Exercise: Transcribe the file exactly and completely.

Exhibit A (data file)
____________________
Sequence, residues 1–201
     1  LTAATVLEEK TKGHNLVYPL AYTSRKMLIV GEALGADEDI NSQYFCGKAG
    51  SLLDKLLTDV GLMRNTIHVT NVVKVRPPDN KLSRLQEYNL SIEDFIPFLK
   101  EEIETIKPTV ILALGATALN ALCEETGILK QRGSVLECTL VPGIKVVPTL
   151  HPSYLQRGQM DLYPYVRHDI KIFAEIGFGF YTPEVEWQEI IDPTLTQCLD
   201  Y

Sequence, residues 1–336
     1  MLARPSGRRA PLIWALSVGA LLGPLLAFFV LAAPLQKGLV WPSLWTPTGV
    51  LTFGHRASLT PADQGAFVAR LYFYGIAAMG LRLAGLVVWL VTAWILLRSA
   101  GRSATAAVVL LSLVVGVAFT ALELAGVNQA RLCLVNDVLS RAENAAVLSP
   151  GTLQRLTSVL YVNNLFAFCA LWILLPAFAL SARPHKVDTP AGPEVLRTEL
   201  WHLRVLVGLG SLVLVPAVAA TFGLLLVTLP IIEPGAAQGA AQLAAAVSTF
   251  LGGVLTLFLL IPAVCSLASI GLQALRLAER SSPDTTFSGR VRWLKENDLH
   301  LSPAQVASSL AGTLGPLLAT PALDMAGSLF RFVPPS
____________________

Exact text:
Sequence, residues 1–201
     1  LTAATVLEEK TKGHNLVYPL AYTSRKMLIV GEALGADEDI NSQYFCGKAG
    51  SLLDKLLTDV GLMRNTIHVT NVVKVRPPDN KLSRLQEYNL SIEDFIPFLK
   101  EEIETIKPTV ILALGATALN ALCEETGILK QRGSVLECTL VPGIKVVPTL
   151  HPSYLQRGQM DLYPYVRHDI KIFAEIGFGF YTPEVEWQEI IDPTLTQCLD
   201  Y

Sequence, residues 1–336
     1  MLARPSGRRA PLIWALSVGA LLGPLLAFFV LAAPLQKGLV WPSLWTPTGV
    51  LTFGHRASLT PADQGAFVAR LYFYGIAAMG LRLAGLVVWL VTAWILLRSA
   101  GRSATAAVVL LSLVVGVAFT ALELAGVNQA RLCLVNDVLS RAENAAVLSP
   151  GTLQRLTSVL YVNNLFAFCA LWILLPAFAL SARPHKVDTP AGPEVLRTEL
   201  WHLRVLVGLG SLVLVPAVAA TFGLLLVTLP IIEPGAAQGA AQLAAAVSTF
   251  LGGVLTLFLL IPAVCSLASI GLQALRLAER SSPDTTFSGR VRWLKENDLH
   301  LSPAQVASSL AGTLGPLLAT PALDMAGSLF RFVPPS